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The Battle of Hampton Roads

The Battle of Hampton Roads

U.S. #2975a – From the 1995 Civil War sheet.

On March 9, 1862, the USS Monitor and CSS Virginia (formerly USS Merrimack) fought in the first battle between two ironclad warships.

On April 17, 1861, Virginia seceded from the Union. Three days later, the United States Navy evacuated the navy yard near Norfolk, Virginia. The Union left so quickly, they abandoned equipment and did not destroy the structures as well as they intended to. The Confederate Navy immediately moved in and found gunpowder, construction materials, a dry dock, and over 1,000 heavy guns. The Federal troops had scuttled and sunk ships, including the USS Merrimack. The hull and engines were salvaged and rebuilt as the Confederacy’s first ironclad. On February 17, 1862, the newly commissioned ship was renamed the CSS Virginia, though it is commonly referred to as the Merrimack.

U.S. #628 – John Ericsson designed part of the USS Monitor, including the revolving gun turret.

The Northern Navy was building an iron-plated steamship of its own. Swedish inventor John Ericsson designed a ship that would ride very low in the water. It was described as “a cheese box on a raft.” Unlike ships of its time, guns were not stationed along the sides, but two guns were housed in a round, rotating turret. This made it possible to fire at opposing ships from any direction, rather than only from the side. The USS Monitor was completed on January 30, 1862.

On the morning of March 8, 1862, the Merrimack steamed up the Elizabeth River to break the Union blockade of Hampton Roads. As it entered the “Roads,” or estuary, its first target was the Union sailing ship Cumberland. The wooden craft was no match for the ironclad. The Cumberland’s shells bounced off the iron plating. The Merrimack steamed right into the side of the Cumberland with its ram and the wooden boat sunk almost immediately.

The next ship under attack was the Union’s Congress. When the commander realized he was practically defenseless, he surrendered to the captain of the Merrimack. The USS Minnesota ran aground in water too shallow for the ironclad to reach, and darkness fell before much damage was done to the Union ship. The Merrimack returned to the naval yard for minor repairs. The commander planned to return in the morning to finish off the remainder of the Union fleet.

In the North, the Monitor was on its way to the Virginia coast. It arrived in the Chesapeake Bay on the evening of March 8 and traveled up the bay to Hampton Roads. Lieutenant John Worden was given orders to protect the grounded Minnesota.

Item #81563 – Commemorative cover marking the 123rd anniversary of the battle.

When the Merrimack arrived the next morning to destroy the Union ships, it was met by the odd-looking Union ironclad. After hours of fighting, neither ship gained a clear victory. The shells that were so effective against wooden ships could not penetrate the thick metal armor. The Monitor withdrew temporarily when a shell fragment struck the pilothouse. The crew of the Merrimack thought the enemy was retreating, so they headed back to their harbor for much-needed repairs. When the Monitor returned, the opposing ship was gone, so the Union sailors assumed they had won the battle.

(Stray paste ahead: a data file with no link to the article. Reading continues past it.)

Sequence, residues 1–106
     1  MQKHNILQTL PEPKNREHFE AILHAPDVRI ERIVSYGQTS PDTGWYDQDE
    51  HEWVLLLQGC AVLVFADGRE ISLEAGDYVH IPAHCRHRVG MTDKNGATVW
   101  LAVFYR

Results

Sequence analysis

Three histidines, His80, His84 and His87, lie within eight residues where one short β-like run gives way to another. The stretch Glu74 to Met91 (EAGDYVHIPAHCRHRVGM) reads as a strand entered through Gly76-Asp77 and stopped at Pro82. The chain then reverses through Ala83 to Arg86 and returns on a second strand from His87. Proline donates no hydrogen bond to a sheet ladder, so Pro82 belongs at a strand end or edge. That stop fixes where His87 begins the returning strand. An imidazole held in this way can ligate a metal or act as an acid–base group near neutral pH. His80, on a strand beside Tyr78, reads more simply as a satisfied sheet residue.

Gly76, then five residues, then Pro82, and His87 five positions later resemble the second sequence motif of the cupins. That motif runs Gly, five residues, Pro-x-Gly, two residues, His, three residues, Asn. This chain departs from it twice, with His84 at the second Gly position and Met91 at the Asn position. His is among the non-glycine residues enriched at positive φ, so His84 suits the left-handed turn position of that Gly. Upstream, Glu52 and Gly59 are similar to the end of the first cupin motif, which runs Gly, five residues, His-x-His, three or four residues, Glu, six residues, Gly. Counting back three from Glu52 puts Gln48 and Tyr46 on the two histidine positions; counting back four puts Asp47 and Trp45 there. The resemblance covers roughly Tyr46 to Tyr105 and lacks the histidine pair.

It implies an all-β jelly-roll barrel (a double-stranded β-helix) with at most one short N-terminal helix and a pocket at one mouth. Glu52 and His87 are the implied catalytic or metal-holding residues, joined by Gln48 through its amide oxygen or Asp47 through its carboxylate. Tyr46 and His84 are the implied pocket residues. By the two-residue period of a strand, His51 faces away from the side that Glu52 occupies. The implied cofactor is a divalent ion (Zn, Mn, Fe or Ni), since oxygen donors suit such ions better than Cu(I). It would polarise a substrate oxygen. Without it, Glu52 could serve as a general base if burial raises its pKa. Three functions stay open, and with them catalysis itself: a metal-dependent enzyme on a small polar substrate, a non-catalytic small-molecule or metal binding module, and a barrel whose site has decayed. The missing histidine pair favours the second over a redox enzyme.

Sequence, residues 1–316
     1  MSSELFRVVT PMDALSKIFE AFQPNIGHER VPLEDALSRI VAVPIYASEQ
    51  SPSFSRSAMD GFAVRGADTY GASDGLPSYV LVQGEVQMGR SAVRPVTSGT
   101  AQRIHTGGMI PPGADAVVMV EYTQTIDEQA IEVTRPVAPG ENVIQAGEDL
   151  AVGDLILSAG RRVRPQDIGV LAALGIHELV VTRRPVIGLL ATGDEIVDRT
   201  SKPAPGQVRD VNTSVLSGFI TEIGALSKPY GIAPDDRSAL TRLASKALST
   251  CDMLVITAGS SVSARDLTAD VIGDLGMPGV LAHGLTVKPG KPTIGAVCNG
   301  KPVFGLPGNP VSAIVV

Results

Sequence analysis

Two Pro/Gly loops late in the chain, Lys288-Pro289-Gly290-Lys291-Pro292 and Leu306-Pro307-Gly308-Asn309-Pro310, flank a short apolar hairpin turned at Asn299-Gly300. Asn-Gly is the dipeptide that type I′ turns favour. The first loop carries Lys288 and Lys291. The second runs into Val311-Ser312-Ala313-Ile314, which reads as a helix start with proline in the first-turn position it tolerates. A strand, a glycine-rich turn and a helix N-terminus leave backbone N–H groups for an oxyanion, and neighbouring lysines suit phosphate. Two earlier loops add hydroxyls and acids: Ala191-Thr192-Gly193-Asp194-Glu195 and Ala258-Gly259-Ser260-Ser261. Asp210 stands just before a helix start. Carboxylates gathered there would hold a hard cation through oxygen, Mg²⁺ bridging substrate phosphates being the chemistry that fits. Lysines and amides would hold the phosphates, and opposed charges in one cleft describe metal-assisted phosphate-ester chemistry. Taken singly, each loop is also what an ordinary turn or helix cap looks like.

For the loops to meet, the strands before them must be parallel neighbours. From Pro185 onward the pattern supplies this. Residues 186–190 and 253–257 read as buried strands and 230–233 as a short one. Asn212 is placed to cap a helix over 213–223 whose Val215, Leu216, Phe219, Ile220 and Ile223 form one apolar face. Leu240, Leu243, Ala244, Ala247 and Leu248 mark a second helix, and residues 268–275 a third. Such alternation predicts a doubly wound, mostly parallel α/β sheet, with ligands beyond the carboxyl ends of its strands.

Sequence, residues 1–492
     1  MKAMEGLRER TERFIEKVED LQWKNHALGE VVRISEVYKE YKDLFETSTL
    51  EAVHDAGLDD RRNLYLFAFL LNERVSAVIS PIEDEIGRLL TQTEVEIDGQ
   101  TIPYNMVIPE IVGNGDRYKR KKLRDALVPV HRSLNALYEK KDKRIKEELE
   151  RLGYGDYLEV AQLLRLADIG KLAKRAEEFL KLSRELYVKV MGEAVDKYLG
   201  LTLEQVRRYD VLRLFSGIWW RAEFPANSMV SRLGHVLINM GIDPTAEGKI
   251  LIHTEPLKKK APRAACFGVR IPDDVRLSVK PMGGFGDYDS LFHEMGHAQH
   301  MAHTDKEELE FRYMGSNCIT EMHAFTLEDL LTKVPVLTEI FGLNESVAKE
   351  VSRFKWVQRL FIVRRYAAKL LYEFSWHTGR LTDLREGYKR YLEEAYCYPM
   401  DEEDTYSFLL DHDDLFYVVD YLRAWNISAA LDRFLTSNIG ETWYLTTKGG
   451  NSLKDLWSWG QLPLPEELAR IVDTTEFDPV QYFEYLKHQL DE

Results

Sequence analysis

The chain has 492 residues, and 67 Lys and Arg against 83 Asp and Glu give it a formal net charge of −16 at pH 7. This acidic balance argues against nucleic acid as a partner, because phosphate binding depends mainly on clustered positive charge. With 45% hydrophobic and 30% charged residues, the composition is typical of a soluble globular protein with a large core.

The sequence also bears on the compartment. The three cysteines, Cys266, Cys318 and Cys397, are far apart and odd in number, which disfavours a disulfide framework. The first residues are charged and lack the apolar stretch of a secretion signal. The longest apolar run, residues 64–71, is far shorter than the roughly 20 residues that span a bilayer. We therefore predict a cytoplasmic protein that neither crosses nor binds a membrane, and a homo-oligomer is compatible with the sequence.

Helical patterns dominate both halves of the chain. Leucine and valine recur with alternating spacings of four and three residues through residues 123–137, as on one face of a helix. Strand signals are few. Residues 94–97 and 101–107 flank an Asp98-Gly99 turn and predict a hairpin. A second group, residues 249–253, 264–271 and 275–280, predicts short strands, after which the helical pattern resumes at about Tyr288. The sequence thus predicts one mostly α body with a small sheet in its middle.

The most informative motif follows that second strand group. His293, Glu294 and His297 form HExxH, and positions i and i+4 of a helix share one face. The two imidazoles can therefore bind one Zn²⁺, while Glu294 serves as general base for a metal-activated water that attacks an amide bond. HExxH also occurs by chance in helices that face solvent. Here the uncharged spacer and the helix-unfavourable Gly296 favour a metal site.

In the months following the battle, the Union blockade was strengthened by additional ironclads, and the North held on to Hampton Roads. This gave them continued access to the James River and the Confederate capital. Later in the year, the Confederates destroyed the Merrimack themselves when they realized the North had blocked their escape route.

Ironclads were used extensively in Civil War battles on the Mississippi and James Rivers, but the low profile of the Monitor proved a disadvantage on the open waters. While being towed to Beaufort, North Carolina, to help with the blockade there, it took on water and sank.

Both sides claimed victory in the “Battle of the Ironclads.” The governments praised the captains and crews for their bravery. News of the effectiveness of the iron-armored steamships traveled quickly to Europe. Production began immediately in England and France, and ironclads made wooden warships obsolete. The ships that took part in the Battle of Hampton Roads changed the face of naval warfare throughout the world.

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9 responses to "The Battle of Hampton Roads"

9 thoughts on “The Battle of Hampton Roads”

  1. Great comment on the way military developments in the New World came to influence developments in our own merchant/military Navy across the pond.

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  2. These ships changed everthing about naval warfare. It is amazing that such an advance as iron ships made that far ago is still in use today.

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  3. As a child growing up in the north we were taught that the Monitor won that encounter. I later heard the story as told similarly to today’s account by Mystic. I now live in the south and of course, here, the Civil war still wages.

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  4. Just a another example that the South “bit off more than it could chew.” After the battle between the Monitor and the Merrimack, the North was able to construct dozens of ironclad warships that patrolled the costal waters and rivers of the South. The South could not match the financial strength or the industrial capacity of the North and could, not construct the ships it needed.

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  5. Four members of the Monitor’s crew and several of the mechanics who built it are buried at Brooklyn’s Green-Wood Cemetery. It’s time for a US stamp to honor this historic place.

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